Amy Lloyd Interview: The Innocent Wife & One More Lie
Amy Lloyd is the bestselling author of two novels. Her debut, The Innocent Wife, was published after she won the Daily Mail Bestseller Competition in 2016. It went on to become a Sunday Times bestseller, and was a 2018 Richard and Judy Book Club pick. Her second book, One More Lie, was published as an ebook in February 2019, and will be available as a hardback and audiobook in April.
Abigail Jaggers spoke to her about true crime documentaries, women who defy stereotyping, and the power of social media.
Tell Us A Bit About Your First Book, The Innocent Wife:
She's in a relationship with a man on death row in Florida...
Are You A Big Fan of True Crime?
I was quite a creepy little goth teenager!
How Did Modern True Crime Influence the Novel?
I think they all have good intentions, essentially
How Does The Online World Affect the Storyline?
The public shifts [...] sometimes they're on his side, and sometimes they're not on his side!
How easy was it to Create The Main Characters?
I had to tune into a place that I haven't been in for a very long time, since I was a teenager
What Inspired the Relationship Between Dennis and Sam?
Ted Bundy had lots of women who just adored him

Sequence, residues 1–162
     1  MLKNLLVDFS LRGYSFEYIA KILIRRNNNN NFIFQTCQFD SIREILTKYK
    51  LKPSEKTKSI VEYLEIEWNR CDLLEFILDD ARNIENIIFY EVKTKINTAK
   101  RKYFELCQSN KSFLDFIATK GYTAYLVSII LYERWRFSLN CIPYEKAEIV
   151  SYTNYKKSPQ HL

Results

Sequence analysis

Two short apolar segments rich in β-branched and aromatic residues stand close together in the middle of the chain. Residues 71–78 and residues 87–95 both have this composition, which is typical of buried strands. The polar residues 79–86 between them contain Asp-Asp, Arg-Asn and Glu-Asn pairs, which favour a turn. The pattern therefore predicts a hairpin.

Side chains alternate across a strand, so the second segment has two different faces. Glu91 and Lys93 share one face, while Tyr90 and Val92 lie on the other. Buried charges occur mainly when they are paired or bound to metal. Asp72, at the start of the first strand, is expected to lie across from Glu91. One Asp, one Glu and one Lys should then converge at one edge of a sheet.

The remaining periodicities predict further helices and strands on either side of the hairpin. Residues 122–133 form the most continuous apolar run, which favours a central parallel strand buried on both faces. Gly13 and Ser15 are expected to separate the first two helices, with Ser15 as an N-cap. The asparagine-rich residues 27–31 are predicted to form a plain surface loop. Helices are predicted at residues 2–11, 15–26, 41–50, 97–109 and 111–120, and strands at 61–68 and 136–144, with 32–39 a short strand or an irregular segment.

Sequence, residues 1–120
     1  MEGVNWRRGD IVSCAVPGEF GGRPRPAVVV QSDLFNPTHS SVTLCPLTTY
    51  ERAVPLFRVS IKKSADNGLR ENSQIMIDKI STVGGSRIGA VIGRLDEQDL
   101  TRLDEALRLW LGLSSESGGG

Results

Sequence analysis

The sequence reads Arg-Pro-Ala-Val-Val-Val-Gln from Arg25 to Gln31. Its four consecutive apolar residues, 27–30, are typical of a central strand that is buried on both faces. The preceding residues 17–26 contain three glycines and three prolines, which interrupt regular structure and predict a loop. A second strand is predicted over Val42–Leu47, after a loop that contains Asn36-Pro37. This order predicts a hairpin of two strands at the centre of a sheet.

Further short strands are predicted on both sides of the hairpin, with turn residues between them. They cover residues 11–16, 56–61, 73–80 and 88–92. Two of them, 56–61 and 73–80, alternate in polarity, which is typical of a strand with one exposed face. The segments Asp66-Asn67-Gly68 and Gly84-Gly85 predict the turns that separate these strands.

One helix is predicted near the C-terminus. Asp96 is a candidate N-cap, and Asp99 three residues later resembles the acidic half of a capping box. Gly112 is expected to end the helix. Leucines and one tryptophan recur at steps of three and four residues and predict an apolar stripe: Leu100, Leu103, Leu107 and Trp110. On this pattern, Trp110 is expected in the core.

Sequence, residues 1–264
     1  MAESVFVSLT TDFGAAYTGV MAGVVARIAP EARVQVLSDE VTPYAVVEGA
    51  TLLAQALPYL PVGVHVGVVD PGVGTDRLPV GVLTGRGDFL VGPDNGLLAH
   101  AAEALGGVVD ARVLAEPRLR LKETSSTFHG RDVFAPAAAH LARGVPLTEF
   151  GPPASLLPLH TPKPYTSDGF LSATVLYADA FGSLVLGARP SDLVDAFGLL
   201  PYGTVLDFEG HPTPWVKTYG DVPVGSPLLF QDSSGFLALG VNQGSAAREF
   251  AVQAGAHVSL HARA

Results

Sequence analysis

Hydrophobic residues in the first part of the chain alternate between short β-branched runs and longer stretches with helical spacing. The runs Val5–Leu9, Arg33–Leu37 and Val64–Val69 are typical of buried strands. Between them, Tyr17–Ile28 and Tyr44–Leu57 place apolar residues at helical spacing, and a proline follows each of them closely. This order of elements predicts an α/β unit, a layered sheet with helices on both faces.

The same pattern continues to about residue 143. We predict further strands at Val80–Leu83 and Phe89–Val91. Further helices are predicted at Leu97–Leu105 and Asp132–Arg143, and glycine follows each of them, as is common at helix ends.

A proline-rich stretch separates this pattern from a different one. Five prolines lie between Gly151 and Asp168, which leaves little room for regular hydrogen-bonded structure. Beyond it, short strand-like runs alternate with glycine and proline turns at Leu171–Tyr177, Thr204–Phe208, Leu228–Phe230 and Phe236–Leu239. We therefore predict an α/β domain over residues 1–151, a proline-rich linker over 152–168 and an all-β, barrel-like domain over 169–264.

Sam has been called an 'Unlikeable Character'. Why Do You Think This Is?
We want, quite rightly, to have strong female characters, who we feel reflect the best of what women can be
Does Sam's Character Change Through the Novel?
Now she feels like she holds the power, instead of him
Did You Make Any Major Changes to the Book Through Drafts?
They told me to make Sam slightly less annoying!
Was it More Difficult to Write Your Second Novel?
It is more of a team effort than you think it is!
Did You Enjoy Watching the Audiobook Recording?
Until that point, I was pretty certain I was going to narrate book number two
Do You Enjoy Audiobooks?
The remarkable thing about audiobooks is you can do other things while you're reading them!
What Can You Tell Us About One More Lie?
It's about her questioning whether you are only ever as good as the worst thing that you've done